In recent years, many educators have ratcheted up their attacks on the idea of people having “learning styles”. While it was in vogue for awhile, more and more research is suggesting it isn’t as compelling a theory as it once was thought to be. To me, it is more about a theory that resonates instinctively with people, and more a metaphor for approaches to learning – a descriptive paradigm, if you will – then a hard and fast “rule” or law, let alone a theory. So when I saw an Atlantic article aiming to debunk it further, I couldn’t help but click.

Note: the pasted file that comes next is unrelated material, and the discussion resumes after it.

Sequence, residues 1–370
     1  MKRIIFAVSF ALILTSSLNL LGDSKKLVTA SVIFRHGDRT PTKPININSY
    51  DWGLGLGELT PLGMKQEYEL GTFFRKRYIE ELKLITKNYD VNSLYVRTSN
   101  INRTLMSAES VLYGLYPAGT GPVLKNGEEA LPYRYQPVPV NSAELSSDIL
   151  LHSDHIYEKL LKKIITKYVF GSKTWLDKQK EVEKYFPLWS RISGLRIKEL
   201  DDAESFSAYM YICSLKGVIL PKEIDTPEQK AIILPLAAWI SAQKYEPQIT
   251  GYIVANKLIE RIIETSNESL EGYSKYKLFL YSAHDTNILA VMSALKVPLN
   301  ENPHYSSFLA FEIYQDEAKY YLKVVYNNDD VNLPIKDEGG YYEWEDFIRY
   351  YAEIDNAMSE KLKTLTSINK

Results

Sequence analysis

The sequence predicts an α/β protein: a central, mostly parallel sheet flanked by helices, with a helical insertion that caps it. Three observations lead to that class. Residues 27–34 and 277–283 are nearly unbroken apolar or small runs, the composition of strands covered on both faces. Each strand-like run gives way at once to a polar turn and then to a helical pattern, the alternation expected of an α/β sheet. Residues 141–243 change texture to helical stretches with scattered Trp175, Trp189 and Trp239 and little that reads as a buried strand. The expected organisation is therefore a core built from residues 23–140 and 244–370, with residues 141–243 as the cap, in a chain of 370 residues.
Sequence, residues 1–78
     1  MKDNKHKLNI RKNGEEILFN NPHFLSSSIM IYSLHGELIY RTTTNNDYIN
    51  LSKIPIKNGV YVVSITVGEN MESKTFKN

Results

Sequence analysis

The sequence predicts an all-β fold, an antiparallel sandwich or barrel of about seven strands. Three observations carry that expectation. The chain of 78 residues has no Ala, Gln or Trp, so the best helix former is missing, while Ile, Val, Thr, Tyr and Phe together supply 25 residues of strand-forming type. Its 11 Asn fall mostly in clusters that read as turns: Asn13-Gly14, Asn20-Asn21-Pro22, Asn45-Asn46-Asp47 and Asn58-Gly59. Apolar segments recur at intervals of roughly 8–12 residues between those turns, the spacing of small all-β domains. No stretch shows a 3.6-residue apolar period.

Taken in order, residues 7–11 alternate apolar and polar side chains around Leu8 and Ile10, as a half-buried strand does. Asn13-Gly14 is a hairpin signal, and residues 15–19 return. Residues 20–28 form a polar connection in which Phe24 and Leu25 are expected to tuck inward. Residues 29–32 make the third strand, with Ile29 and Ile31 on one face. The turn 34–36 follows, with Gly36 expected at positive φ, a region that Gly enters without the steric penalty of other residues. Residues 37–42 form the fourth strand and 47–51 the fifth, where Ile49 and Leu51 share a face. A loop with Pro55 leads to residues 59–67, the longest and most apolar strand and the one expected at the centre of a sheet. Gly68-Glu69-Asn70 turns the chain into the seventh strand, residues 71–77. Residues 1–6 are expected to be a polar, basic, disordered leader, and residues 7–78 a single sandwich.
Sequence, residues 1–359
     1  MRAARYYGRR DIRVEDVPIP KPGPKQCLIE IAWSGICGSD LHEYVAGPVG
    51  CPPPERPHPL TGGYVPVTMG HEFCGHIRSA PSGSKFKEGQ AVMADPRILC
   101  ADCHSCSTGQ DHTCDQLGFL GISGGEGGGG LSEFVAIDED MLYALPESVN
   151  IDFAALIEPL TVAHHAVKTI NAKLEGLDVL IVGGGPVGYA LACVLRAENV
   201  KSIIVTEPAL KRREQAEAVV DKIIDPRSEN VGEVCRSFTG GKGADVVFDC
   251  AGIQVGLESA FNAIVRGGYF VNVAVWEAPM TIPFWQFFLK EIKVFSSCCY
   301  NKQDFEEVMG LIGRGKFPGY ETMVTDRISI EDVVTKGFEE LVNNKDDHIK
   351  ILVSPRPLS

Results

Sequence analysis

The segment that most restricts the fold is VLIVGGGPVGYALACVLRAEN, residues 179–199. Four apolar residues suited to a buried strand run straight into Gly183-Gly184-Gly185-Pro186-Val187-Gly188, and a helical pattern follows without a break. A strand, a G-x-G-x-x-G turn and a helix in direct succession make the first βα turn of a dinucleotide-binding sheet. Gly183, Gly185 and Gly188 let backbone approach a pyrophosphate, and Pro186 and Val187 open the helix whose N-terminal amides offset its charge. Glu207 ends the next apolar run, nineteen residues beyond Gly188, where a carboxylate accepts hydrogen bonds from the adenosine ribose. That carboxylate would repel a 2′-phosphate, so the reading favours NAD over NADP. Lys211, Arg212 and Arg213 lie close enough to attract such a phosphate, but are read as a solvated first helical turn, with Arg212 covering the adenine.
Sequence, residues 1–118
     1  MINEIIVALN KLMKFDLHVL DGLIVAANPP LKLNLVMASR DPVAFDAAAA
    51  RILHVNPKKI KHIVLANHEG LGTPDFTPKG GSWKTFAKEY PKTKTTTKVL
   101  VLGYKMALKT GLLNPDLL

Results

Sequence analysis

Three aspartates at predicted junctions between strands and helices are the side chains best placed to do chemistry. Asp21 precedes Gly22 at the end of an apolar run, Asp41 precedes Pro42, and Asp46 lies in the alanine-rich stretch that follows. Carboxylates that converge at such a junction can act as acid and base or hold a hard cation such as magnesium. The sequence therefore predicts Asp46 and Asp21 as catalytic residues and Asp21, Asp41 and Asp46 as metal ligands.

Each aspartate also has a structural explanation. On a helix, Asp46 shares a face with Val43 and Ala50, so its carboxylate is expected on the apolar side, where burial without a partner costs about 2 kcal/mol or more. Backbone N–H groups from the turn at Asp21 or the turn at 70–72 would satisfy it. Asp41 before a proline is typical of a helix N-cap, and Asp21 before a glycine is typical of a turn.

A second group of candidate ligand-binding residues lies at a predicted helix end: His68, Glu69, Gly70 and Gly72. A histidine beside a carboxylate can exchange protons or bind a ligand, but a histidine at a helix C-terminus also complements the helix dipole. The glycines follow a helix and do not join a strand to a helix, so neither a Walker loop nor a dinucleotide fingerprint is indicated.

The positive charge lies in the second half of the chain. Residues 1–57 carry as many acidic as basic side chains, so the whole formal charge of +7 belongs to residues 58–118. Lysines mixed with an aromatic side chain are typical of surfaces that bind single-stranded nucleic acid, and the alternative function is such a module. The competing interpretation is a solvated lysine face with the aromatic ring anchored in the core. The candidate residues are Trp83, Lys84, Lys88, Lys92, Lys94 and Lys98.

» Read the rest
In the early ‘90s, a New Zealand man named Neil Fleming decided to sort through something that had puzzled him during his time monitoring classrooms as a school inspector. In the course of watching 9,000 different classes, he noticed that only some teachers were able to reach each and every one of their students.